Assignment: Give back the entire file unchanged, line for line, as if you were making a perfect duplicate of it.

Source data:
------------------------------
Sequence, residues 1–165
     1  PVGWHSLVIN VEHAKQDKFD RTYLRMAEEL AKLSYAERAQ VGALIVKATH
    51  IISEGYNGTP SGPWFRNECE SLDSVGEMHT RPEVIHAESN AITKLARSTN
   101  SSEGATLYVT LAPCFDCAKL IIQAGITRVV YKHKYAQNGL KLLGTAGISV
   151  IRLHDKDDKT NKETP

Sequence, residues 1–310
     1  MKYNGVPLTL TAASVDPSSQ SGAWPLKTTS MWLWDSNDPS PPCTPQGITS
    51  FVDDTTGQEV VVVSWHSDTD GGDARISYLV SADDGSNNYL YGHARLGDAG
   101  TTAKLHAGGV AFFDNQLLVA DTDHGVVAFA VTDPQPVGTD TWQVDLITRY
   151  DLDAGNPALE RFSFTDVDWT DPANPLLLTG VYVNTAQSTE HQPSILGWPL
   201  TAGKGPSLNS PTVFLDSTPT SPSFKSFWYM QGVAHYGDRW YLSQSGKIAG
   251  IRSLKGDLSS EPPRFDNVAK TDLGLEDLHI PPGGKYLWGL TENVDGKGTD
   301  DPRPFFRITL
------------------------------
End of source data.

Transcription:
Sequence, residues 1–165
     1  PVGWHSLVIN VEHAKQDKFD RTYLRMAEEL AKLSYAERAQ VGALIVKATH
    51  IISEGYNGTP SGPWFRNECE SLDSVGEMHT RPEVIHAESN AITKLARSTN
   101  SSEGATLYVT LAPCFDCAKL IIQAGITRVV YKHKYAQNGL KLLGTAGISV
   151  IRLHDKDDKT NKETP

Sequence, residues 1–310
     1  MKYNGVPLTL TAASVDPSSQ SGAWPLKTTS MWLWDSNDPS PPCTPQGITS
    51  FVDDTTGQEV VVVSWHSDTD GGDARISYLV SADDGSNNYL YGHARLGDAG
   101  TTAKLHAGGV AFFDNQLLVA DTDHGVVAFA VTDPQPVGTD TWQVDLITRY
   151  DLDAGNPALE RFSFTDVDWT DPANPLLLTG VYVNTAQSTE HQPSILGWPL
   201  TAGKGPSLNS PTVFLDSTPT SPSFKSFWYM QGVAHYGDRW YLSQSGKIAG
   251  IRSLKGDLSS EPPRFDNVAK TDLGLEDLHI PPGGKYLWGL TENVDGKGTD
   301  DPRPFFRITL